U.K. rail station utilizing solar power, timber materials and rainwater harvesting wins planning approval


This illustration depicts how the station would look once built.


The planning application for a U.K. rail station that will integrate a number of sustainable design features has been granted approval by authorities, as efforts to “green” public transport infrastructure continue.

The building will be located in Solihull, near the city of Birmingham, and serve as an interchange for passengers using the HS2 line, a major high-speed rail network which, once up and running, plans to reduce travel times between London and other major urban centers in the country.

Matthew Botelle, HS2’s stations director, said the Solihull building would be “net zero carbon in operation,” adding that it would adopt “the latest eco-friendly design and sustainable technologies.”

According to HS2, the facility will utilize solar power, harvest rainwater and harness natural ventilation and daylight.

“From the striking roof supported by light-weight glulam timber – inspired by the form of a leaf – to the green open spaces, everything has been selected to minimise the station’s carbon footprint and ensure that it reflects its surroundings and unique location,” Kim Quazi, a director at Arup Architects, said. 

Glulam timber refers to glue laminated timber, seen by many as a sustainable alternative to materials such as concrete.

The station will also make use of an “automated people mover” – essentially a driverless rail vehicle – that will take passengers to destinations including Birmingham Airport and Birmingham International Station.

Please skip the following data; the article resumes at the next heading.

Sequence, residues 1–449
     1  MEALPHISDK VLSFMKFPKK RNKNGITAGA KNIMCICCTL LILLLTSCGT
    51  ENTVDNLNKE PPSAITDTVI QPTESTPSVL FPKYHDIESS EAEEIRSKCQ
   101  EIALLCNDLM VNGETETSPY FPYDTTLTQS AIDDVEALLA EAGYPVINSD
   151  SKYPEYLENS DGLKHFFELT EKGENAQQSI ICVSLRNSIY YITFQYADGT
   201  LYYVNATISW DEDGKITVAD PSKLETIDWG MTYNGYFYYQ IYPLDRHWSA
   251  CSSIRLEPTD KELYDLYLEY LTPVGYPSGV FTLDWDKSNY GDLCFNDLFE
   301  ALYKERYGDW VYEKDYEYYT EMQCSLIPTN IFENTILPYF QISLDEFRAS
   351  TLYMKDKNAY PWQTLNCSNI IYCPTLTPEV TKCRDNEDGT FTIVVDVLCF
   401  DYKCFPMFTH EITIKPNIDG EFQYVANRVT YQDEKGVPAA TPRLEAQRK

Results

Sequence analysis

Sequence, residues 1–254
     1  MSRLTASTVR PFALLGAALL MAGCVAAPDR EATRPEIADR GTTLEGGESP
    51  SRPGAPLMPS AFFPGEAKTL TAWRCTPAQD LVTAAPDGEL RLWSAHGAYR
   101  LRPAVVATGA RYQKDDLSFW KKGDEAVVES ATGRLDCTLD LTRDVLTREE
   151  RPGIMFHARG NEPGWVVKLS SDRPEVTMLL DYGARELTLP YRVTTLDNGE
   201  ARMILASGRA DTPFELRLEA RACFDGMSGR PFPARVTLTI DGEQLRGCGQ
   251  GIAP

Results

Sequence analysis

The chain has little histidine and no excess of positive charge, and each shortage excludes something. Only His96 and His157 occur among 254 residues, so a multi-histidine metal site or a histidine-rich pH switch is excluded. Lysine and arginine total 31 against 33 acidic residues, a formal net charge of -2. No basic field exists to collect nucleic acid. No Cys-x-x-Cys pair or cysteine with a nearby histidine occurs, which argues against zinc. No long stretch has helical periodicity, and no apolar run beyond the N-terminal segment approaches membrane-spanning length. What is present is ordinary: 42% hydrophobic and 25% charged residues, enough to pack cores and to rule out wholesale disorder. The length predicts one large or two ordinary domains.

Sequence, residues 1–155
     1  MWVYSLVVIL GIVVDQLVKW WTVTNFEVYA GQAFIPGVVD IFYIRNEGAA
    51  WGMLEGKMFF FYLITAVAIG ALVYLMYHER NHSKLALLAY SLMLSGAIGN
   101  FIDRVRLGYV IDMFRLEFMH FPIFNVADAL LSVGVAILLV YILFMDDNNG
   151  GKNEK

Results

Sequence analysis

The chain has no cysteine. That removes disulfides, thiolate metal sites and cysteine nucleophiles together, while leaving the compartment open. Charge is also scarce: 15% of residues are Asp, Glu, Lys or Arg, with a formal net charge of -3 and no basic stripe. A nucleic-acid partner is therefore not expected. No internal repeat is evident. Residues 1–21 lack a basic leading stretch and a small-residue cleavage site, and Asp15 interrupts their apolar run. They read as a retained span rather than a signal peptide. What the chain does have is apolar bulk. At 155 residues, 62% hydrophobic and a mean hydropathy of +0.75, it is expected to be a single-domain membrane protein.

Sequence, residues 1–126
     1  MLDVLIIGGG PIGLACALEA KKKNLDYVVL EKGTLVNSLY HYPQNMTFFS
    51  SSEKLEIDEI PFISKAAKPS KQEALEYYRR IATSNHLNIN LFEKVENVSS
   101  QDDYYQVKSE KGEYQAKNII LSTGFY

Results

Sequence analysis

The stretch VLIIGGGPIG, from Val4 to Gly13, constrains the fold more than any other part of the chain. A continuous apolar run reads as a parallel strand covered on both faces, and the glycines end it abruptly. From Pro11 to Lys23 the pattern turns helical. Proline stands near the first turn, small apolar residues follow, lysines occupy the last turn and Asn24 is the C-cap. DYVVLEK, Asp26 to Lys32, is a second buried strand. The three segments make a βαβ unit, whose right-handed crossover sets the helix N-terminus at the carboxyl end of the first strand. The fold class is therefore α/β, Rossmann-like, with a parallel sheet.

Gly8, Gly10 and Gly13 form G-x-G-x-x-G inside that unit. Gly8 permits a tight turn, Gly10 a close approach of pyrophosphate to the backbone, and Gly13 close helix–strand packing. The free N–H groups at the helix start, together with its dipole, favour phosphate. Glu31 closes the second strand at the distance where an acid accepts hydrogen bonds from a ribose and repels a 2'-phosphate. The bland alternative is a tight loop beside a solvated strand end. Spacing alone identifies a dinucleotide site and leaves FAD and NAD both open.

While the Solihull development has placed a focus on renewables and sustainable design, some organizations have raised concerns regarding the wider impact of the HS2 project on wildlife and those living near the route. For its part, HS2 says it will, among other things, plant millions of trees on the route as well as fund woodland in other parts of the country.  

Train stations can often provide engineers and architects with the opportunity to develop innovative buildings that incorporate visually-striking designs and eco-friendly aspects.

Over in Germany, for instance, Deutsche Bahn says that the country’s 15 largest stations – in major cities such as Berlin, Hamburg, Frankfurt am Main and Hanover – have been running on green electricity since the start of 2019.

Through a pilot scheme called “StationGreen” the firm has also developed two train stations – opened in 2014 and 2016 – that use energy derived from solar power and geothermal heat and have green roofs that boost insulation and harvest rain.
Back in the U.K., Blackfriars Station, in the heart of London, uses electricity generated by more than 4,400 solar photovoltaic panels installed on a bridge that carries trains over the River Thames.

And it’s not just the stations and infrastructure surrounding them that is changing: trains themselves are starting to turn toward interesting sources of power. European railway manufacturer Alstom’s hydrogen-fuel-cell train, for example, started running in September 2018.

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